Another interesting aspect of the translation is how the real is well-blended with the fictional. Historical figures like Rajendra Lakshmi, Jung Bahadur, and Henry Lawrence co-exist with fictional characters like Tara, Batuli, and Bubu Aama. The subplots, especially the story of Rajendra Lakshmi’s changing relationship with her maid, Batuli, gives the novel its flesh and blood. These events help readers to step into the “fictive dream,” without doubting if what they are reading is a true account or a figment of the writer’s imagination.
The novel begins with a contemplative prologue, where the unloved queen is lamenting on her fate, but it’s unsure who she is mourning for. Is it for her husband, her lover, or her nation? One cannot be certain in a first reading. Also, all her philosophical conundrums, especially the ones that could not be presented later in the narrative, are hurled on the first three pages, making the opening of the novel a weak one.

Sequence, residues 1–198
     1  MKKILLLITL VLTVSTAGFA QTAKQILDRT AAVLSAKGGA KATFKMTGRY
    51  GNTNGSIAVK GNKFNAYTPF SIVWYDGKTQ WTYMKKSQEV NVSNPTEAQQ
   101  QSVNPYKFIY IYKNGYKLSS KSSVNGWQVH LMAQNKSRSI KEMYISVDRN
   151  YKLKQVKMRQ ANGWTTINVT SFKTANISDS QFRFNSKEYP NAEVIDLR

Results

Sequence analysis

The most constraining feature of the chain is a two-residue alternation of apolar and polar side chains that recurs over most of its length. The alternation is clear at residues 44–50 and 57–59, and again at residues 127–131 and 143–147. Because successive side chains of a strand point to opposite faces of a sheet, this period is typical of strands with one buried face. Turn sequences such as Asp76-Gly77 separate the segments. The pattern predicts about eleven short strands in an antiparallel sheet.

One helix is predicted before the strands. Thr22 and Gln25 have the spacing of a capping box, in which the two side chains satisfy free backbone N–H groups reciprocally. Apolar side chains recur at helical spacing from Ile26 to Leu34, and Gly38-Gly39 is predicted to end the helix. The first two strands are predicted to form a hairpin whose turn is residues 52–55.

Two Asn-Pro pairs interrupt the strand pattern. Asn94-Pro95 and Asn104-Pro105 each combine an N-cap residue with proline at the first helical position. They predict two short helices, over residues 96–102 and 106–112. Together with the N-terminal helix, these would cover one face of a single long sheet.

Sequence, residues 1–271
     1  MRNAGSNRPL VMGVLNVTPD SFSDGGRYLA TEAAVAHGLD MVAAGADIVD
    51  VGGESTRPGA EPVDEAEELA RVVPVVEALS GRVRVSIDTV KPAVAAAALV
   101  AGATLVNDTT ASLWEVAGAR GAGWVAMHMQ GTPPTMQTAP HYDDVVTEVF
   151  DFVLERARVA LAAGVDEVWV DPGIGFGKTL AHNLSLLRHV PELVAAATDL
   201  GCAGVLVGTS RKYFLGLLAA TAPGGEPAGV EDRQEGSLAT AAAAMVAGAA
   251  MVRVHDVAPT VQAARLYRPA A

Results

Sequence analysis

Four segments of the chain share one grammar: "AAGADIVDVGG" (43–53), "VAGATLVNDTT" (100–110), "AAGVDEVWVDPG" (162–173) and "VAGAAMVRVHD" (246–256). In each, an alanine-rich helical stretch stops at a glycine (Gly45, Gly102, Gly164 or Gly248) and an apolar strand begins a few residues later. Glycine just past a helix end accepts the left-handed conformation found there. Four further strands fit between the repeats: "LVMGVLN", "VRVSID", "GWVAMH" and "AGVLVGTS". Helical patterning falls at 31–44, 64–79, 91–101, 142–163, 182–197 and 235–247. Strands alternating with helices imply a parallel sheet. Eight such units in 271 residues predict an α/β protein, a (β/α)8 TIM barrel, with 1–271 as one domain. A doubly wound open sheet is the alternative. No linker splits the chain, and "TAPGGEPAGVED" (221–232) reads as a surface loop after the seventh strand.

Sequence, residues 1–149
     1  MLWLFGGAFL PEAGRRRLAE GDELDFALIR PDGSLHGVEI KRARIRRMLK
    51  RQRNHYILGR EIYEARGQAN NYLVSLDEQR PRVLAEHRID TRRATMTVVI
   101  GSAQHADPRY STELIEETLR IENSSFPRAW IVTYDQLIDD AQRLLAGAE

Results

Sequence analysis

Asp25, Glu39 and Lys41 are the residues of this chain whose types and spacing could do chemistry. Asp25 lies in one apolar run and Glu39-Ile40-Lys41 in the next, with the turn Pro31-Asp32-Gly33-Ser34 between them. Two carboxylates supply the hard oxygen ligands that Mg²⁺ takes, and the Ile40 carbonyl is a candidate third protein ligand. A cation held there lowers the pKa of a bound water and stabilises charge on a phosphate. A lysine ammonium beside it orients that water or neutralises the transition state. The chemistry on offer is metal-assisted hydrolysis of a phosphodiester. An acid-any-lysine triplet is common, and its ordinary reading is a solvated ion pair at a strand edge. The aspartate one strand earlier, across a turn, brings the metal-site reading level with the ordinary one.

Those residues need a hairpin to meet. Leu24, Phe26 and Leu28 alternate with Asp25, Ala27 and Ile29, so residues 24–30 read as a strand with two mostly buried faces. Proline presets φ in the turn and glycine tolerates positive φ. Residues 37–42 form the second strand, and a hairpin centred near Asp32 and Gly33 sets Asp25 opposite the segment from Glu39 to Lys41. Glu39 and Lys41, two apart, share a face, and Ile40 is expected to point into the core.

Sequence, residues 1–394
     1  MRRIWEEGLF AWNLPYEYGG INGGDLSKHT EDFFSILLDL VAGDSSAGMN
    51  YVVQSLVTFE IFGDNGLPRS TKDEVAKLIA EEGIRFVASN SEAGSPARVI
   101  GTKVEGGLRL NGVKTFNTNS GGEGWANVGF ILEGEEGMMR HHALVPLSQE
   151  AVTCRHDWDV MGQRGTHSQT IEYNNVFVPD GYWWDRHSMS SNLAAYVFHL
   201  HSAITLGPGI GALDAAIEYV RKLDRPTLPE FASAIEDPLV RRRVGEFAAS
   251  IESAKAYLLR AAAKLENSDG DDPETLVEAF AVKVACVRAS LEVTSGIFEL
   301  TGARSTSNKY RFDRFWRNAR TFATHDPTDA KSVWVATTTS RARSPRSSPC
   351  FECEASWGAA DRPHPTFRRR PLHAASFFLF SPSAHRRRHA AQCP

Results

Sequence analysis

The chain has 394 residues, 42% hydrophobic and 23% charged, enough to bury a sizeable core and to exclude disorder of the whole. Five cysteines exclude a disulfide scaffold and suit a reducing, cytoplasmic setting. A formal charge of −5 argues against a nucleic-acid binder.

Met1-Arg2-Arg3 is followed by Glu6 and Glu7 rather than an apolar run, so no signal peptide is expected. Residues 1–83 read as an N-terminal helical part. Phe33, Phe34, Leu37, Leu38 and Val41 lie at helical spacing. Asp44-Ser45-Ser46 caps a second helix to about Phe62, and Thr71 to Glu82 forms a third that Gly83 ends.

Writing a prologue is effective when there’s a piece of information that the writer must convey from the first page, something that cannot be possibly included afterwards. The prologue in Kanchha Maharani, suffice to say, can be safely skipped—and yet nothing is lost. Sometimes ditching an unnecessarily contemplative prologue is the best thing to do in writing a novel.
The same applies to the epilogue—an excessively mawkish poetry-like construction—a mere pseudo-philosophical and seemingly sentimental afterthought, which adds nothing to the narrative on a larger scale.